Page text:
Sars digitisation drive, COVID-19 impact among hot topics at Deloitte budget dialogue

Mark Freer, Director Deloitte Africa Tax and Legal
Mark Freer, Director Deloitte Africa Tax and Legal. Picture by Alan Cooper

Relief at government’s decision not to hike taxes, tempered by the daunting challenge of keeping state-owned enterprises like SAA and Eskom afloat, as well as the impact of the Coronavirus outbreak were key themes to emerge from a post-Budget breakfast dialogue hosted by Deloitte KwaZulu-Natal on 3 March 2020.

Guests attending the annual event, held at the professional services firm’s La Lucia Ridge offices, also heard how digitisation efforts by the South African Revenue Service (Sars) could pave the way for a time when tax information was collected and the amounts owed calculated automatically with no need for annual returns.

Deloitte KZN Office Managing Partner Ruwayda Redfearn set the scene by referring to a potted aloe featured prominently on the stage, emulating Finance Minister Tito Mboweni’s example when opening his Budget speech.

“The aloe thrives when times are tough. It needs less water, qualities we’ll all need in the months ahead,” she said.

Mark Freer, Director Deloitte Africa Tax and Legal, unpacked the key taxation elements of the Budget. “There was a huge collective sigh of relief that the widely predicted tax increases failed to materialise, but there are still some major concerns. While attempts are being made to strengthen Sars, the R63bn collection deficit is worse than that predicted in the Mid-term Budget Statement and tax revenue growth is barely keeping pace with inflation,” he said.

On the positive side, Freer said he was impressed with Sars’ digitisation efforts, and that a smartphone app and chatbot tied into its eFiling system, along with efforts by the revenue authority to populate returns with more third party data, could pave the way to a day when “tax just happens” automatically without the need for annual returns. 

Commenting on the Coronavirus outbreak, Isaac Matshego, a Group Economist at Nedbank, said it was too early to predict its impact on the South African economy, but that these would almost certainly be significant. “As China is our chief trading partner, the virus will certainly have negative effects on supply chains, minerals exporters and miners,” he said.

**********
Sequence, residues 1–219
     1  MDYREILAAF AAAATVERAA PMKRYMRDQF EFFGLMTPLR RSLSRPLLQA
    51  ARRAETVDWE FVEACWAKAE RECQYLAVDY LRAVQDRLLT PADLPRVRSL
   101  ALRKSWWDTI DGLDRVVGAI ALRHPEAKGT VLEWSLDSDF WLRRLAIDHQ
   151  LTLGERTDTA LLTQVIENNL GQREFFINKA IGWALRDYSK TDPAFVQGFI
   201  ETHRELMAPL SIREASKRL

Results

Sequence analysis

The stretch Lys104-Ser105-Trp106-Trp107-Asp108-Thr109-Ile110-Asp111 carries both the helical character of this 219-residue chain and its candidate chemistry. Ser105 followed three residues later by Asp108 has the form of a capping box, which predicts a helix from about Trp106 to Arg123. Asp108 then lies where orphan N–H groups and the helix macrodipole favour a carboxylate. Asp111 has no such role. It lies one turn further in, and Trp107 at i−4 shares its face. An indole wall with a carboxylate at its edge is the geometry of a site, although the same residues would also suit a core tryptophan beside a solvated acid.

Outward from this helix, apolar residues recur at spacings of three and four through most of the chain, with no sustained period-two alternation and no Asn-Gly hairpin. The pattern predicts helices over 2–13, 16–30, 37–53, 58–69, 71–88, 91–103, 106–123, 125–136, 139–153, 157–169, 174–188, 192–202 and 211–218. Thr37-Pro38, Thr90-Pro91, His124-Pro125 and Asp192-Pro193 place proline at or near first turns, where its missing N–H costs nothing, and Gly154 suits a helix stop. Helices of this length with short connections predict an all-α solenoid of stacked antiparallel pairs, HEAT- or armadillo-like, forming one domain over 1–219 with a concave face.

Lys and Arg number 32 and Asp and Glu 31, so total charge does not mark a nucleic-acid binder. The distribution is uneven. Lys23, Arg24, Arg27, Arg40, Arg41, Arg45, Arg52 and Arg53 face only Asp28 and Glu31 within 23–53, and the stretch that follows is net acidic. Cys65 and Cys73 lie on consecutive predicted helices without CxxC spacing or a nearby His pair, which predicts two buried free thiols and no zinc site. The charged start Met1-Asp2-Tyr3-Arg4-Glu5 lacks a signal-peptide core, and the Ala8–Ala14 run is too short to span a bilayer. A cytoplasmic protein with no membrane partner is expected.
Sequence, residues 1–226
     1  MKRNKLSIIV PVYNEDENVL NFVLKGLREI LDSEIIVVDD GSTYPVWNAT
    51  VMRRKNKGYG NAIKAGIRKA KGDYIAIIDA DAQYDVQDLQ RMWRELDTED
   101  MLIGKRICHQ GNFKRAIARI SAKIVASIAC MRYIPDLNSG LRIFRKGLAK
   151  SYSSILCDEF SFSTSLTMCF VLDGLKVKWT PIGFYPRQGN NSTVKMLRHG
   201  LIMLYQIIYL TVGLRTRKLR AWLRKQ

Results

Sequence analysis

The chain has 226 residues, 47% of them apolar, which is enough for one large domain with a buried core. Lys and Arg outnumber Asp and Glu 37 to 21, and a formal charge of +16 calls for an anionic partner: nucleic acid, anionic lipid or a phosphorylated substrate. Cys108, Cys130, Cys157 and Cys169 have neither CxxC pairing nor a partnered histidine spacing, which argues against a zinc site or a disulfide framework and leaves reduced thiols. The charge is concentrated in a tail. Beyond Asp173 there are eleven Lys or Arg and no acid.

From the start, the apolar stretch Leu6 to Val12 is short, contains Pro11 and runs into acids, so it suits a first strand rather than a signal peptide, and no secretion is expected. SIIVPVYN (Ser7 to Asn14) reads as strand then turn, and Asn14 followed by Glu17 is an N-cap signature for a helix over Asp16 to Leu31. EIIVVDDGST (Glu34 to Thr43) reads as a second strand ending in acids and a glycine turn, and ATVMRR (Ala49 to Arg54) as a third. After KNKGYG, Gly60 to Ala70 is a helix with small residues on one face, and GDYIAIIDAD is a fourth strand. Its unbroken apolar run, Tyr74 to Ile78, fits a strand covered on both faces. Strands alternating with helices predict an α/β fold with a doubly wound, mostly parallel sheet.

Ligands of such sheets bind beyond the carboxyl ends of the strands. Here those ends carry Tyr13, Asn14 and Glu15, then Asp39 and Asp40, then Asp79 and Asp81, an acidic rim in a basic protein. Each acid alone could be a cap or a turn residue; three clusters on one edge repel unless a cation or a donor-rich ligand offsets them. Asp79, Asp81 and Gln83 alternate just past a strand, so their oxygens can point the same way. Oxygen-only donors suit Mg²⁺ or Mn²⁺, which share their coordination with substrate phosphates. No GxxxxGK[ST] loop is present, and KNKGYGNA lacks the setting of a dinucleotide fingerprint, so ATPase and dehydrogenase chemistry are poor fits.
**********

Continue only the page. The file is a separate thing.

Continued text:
Political analyst Judith February said the Finance Minister’s ability to achieve tough goals like cutting the public sector wage bill by R160bn and bringing alternative power sources online would prove key tests of his and President Cyril Ramaphosa’s ability to stand up to regressive elements within their own party. On the challenge to provide a stable power supply, February singled out Mineral Resources and Energy Minister Gwede Mantashe, who is also the ANC’s national Chairperson.

Political analyst Judith February. Picture by Alan Cooper

Stumbling block

“In both these respects, Mr Mantashe could be a major stumbling block. He is seemingly addicted to coal and complicating a move to a more sustainable energy mix is that Mantashe is a union man through-and-through. We’re in for an interesting power struggle over the coming months,” she said.

Sisa Ntlango,Director of Deloitte’s Risk Advisory Business then chaired a panel discussion, with speakers answering questions from the floor on matters ranging from the ‘Sugar Tax’ and the phasing out of tax incentives to the impact on the economy of illegal immigration and the billions looted from state coffers.

Commenting on the impact of the tax on sugar-sweetened beverages, Freer said that when conceived it was intended to target makers of sugary beverages.“As it turns out, the beverage makers have been less affected that initially thought due to reformulation and reduction in pack sizes. The biggest impact appears to be on the sugar millers and growers,” he said, adding that the tax netted a relatively small R2bn to R3bn annually.

Answering a question regarding government’s intention to restrict the tax incentives for the Special Economic Zones (SEZs), Freer said, “Fortunately, both KwaZulu-Natal’s SEZs – Dube TradePort and Richards Bay Industrial Development Zone – have already been approved, so won’t be affected by the moratorium”.

In her closing remarks, February also alluded to the aloe. “The key to its survival in harsh times is that it’s an unsentimental plant and ruthlessly sheds dead weight. The million-dollar question is whether our government can emulate the humble aloe’s example and shed the dead weight required to turn our economy around,” she said.

The event was held before the release of data indicating that the SA economy entered a technical recession in the second half of 2019.